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The transformation of bare land into productive land; A case study of Kikuyu COU Primary School - Kammengo
Change Areas: Environment, Attitude and Nutrition.

Kikunyu CoU Primary school is a government-aided community primary school located in the Mpigi district, Kammengo sub-county. It has an estimated total of about 162 Pupils, 76 girls and 86 boys plus 8 teachers, 2 males and 6 females. The school was first opened in 1984 under the Anglican church but the letter was adopted by the government in the universal primary education program (UPE) to support free education for all.

During the inception of the project “increasingly environmentally friendly production among selected schools, households and prisons in Mpigi and Wakiso district”, the school was one of those recommended by the Mpigi district Inspector of schools to be part of the project in 2020. After a well-crafted selection process, Kikunyu CoU primary school was selected because of its low enrolment (64 girls and 86 boys), lack of trees in the school compound (two trees at the time), unproductive and bare grounds with eroded and water-logged points, miss use of school grounds by community members (drugs and grazing animals) and most importantly no school meals.

The project trained and certified four teachers and four parents, to become school and community-based permaculture trainers respectively, and also an additional of 15 pupils were trained in integrated land use designs, nursery establishment, waste management, the manufacture and proper use of biopesticides plus biofertilizers. These trainings contributed to the transformation of the school grounds from just two trees to 57 fruit and 8 shade trees, functional vegetable gardens that produce plenty of vegetables and spices which supplement school meals but also contribute to soil and water management at the school, including soil erosion control and waterlogging management (mandala, pet beds, and moon gardens).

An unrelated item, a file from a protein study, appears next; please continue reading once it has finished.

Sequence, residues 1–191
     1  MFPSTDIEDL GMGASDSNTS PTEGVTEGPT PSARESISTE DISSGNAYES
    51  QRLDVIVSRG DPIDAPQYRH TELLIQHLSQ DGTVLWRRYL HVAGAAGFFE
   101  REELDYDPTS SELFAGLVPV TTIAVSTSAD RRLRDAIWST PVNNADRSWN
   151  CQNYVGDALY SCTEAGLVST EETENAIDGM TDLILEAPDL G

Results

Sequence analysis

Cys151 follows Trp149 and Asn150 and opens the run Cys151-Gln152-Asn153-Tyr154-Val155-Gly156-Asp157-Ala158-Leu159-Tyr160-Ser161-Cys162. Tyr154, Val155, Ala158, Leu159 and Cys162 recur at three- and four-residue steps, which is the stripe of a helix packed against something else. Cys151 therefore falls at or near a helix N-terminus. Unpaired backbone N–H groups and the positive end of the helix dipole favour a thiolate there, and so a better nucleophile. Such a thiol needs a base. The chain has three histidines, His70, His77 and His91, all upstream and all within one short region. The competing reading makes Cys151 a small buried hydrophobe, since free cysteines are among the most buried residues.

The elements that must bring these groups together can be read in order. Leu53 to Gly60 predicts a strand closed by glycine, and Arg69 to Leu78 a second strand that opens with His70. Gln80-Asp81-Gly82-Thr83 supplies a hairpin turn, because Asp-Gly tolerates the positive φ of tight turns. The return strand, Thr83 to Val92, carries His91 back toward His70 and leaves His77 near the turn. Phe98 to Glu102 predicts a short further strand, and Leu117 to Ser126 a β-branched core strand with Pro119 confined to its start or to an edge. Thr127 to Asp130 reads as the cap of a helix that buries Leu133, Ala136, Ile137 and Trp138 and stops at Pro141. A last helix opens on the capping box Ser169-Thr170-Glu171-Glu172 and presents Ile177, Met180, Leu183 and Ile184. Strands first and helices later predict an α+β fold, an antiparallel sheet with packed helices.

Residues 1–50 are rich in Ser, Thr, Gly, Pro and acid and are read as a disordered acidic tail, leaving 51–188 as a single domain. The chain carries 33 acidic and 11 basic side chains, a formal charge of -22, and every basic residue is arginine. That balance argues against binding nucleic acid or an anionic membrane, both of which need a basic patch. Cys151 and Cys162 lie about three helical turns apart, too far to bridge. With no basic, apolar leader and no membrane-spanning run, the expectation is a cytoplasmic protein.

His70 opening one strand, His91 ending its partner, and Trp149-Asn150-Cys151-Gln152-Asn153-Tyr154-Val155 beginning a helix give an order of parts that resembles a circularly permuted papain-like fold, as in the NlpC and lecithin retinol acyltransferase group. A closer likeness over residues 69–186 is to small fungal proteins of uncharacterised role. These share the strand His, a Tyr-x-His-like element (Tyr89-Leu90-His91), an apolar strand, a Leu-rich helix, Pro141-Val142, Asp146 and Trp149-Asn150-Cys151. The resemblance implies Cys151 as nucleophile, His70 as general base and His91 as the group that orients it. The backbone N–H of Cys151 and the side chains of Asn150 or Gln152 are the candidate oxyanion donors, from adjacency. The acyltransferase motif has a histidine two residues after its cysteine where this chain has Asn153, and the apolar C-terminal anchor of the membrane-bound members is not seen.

Community members have also been trained in the various concepts, supported with seedlings of spices like rose merry, and since they now consider the school a resource centre for more than just a place for the children to learn but also a place for the adults to learn agriculture, small space farming and other permaculture concepts, vandalism of school property has been reduced, no animals are grazed on the school, the drug abusers also no longer use the school grounds as a meeting point and the school enrolment has increased gradually in a period of two years. Due to the motivation of the teachers and parents, as well as the introduction of school meals and the supplementation of spices and vegetables to the meals, an increase in performance of both teachers and the pupils has been noticed.

As AFIRD, we appreciate the efforts of the school management body, the church, and community leaders in involving the community in the school project, this has been one of the greatest contributors to the success of our work. The ownership the community has towards what has been set up at the school by the project has ensured sustainability and improvement of the technologies, as well as duplication in households.

By Nakiwala Gloria

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